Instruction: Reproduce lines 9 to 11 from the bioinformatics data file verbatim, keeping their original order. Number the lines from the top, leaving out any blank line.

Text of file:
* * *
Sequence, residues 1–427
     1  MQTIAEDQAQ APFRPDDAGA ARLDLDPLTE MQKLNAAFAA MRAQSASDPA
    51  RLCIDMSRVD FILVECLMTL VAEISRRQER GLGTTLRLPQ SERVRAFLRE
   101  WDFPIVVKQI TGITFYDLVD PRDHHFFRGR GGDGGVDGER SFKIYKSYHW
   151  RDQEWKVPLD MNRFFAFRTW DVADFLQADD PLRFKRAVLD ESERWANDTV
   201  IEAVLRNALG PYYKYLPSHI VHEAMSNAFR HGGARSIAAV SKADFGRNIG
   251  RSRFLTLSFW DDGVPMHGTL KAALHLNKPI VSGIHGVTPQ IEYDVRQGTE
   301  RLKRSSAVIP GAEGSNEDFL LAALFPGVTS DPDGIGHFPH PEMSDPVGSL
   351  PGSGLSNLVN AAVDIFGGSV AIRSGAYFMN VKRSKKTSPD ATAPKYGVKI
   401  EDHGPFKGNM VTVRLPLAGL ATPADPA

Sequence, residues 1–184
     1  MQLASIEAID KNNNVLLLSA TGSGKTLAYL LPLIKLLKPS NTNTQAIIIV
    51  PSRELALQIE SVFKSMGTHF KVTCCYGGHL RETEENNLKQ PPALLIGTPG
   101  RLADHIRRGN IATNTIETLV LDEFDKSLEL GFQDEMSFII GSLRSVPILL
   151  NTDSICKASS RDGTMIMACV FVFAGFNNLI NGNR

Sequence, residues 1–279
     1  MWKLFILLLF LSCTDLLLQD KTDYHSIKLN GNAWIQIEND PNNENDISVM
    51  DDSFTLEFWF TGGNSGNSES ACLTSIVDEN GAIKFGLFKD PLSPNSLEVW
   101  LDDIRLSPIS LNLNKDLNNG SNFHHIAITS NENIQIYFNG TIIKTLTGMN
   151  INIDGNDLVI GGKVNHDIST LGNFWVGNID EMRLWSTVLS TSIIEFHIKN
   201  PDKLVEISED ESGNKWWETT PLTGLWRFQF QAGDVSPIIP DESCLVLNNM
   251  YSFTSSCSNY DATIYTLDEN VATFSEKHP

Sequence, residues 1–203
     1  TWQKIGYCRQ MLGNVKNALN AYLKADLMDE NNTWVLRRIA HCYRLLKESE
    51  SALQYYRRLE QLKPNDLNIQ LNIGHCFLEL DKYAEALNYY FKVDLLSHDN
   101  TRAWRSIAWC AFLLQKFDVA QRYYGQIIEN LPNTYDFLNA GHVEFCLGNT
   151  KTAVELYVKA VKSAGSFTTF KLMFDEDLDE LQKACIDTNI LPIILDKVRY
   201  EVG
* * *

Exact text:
   351  PGSGLSNLVN AAVDIFGGSV AIRSGAYFMN VKRSKKTSPD ATAPKYGVKI
   401  EDHGPFKGNM VTVRLPLAGL ATPADPA

Sequence, residues 1–184